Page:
This example binds the LOB into the variable named $lob and then sends it to the browser using fpassthru(). Since the LOB is represented as a stream, functions such as fgets(), fread() and stream_get_contents() can be used on it.

= new PDO('odbc:SAMPLE', 'db2inst1', 'ibmdb2');
$stmt = $db->prepare("select contenttype, imagedata from images where id=?");
$stmt->bindColumn(1, $type, PDO_PARAM_STR, 256);
$stmt->bindColumn(2, $lob, PDO_PARAM_LOB);

header("Content-Type: $type");

例子 12. Inserting an image into a database

This example opens up a file and passes the file handle to PDO to insert it as a LOB. PDO will do its best to get the contents of the file up to the database in the most efficient manner possible.

= new PDO('odbc:SAMPLE', 'db2inst1', 'ibmdb2');
$stmt = $db->prepare("insert into images (id, contenttype, imagedata) values (?, ?, ?)");
$id = get_new_id(); // some function to allocate a new ID

// assume that we are running as part of a file upload form
// You can find more information in the PHP documentation

$fp = fopen($_FILES['file']['tmp_name'], 'rb');

$stmt->bindParam(1, $id);
$stmt->bindParam(2, $_FILES['file']['type']);
$stmt->bindParam(3, $fp, PDO_PARAM_LOB);




Represents a connection between PHP and a database server.


  • PDO - constructs a new PDO object


  • beginTransaction - begins a transaction

  • commit - commits a transaction

  • errorCode - retrieves an error code, if any, from the database

  • errorInfo - retrieves an array of error information, if any, from the database

  • exec - issues an SQL statement and returns the number of affected rows

  • getAttribute - retrieves a database connection attribute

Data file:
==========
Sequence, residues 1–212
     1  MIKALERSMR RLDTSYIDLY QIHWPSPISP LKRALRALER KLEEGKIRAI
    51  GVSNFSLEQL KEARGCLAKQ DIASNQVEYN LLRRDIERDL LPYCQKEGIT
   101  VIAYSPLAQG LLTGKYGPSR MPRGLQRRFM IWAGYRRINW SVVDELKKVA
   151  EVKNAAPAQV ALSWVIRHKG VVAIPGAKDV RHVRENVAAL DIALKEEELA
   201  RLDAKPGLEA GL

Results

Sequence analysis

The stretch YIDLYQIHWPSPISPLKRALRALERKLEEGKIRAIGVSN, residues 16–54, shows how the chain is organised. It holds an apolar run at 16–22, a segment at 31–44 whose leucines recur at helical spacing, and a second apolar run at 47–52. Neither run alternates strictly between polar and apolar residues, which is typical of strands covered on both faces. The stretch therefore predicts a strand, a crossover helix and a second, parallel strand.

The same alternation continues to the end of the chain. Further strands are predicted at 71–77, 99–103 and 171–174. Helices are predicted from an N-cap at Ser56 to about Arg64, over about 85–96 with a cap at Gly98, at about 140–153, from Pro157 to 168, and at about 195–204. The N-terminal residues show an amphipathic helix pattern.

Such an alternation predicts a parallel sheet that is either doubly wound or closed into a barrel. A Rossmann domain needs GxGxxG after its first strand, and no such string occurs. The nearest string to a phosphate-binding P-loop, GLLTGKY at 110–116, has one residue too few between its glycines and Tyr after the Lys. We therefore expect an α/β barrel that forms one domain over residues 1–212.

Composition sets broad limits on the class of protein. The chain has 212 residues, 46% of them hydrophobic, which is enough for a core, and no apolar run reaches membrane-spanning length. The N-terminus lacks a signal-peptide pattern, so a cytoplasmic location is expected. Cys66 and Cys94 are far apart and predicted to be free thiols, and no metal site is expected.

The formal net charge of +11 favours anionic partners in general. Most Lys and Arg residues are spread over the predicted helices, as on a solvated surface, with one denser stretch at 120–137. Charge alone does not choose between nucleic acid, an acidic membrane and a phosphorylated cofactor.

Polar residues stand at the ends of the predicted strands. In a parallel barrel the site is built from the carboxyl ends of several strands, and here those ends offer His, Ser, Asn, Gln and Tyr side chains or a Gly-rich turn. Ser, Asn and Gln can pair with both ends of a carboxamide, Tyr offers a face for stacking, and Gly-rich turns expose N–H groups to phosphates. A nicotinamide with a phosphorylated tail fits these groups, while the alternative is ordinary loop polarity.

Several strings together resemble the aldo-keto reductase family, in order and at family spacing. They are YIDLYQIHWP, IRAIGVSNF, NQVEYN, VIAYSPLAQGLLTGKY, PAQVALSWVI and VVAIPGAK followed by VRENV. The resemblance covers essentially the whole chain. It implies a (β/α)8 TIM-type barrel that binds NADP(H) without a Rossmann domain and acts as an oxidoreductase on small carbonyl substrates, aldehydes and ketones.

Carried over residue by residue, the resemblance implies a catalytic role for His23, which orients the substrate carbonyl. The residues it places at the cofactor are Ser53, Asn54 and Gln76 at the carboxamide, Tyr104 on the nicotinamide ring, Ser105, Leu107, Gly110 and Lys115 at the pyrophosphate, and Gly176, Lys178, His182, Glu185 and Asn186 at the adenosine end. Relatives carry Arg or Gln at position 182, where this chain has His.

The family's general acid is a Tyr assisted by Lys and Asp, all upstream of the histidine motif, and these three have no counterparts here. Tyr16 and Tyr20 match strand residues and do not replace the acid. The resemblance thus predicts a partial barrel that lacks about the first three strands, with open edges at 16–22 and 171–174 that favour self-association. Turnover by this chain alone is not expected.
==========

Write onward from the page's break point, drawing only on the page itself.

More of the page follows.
• lastInsertId - retrieves the value of the last row that was inserted into a table

  • prepare - prepares an SQL statement for execution

  • query - issues an SQL statement and returns a result set

  • quote - returns a quoted version of a string for use in SQL statements

  • rollBack - roll back a transaction

  • setAttribute - sets a database connection attribute


Represents a prepared statement and, after the statement is executed, an associated result set.


  • bindColumn - binds a PHP variable to an output column in a result set

  • bindParam - binds a PHP variable to a parameter in the prepared statement

  • bindValue - binds a value to a parameter in the prepared statement

  • closeCursor - closes the cursor, allowing the statement to be executed again

  • columnCount - returns the number of columns in the result set

  • errorCode - retrieves an error code, if any, from the statement

  • errorInfo - retrieves an array of error information, if any, from the statement

  • execute - executes a prepared statement

  • fetch - fetches a row from a result set

  • fetchAll - fetches an array containing all of the rows from a result set

  • fetchColumn - returns the data from a single column in a result set

  • getAttribute - retrieves a PDOStatement attribute

  • getColumnMeta - retrieves metadata for a column in the result set

  • nextRowset - retrieves the next rowset (result set)

  • rowCount - returns the number of rows that were affected by the execution of an SQL statement

  • setAttribute - sets a PDOStatement attribute

  • setFetchMode - sets the fetch mode for a PDOStatement


以下常量由本扩展模块定义,因此只有在本扩展模块被编译到 PHP 中,或者在运行时被动态加载后才有效。

PDO_PARAM_BOOL (integer)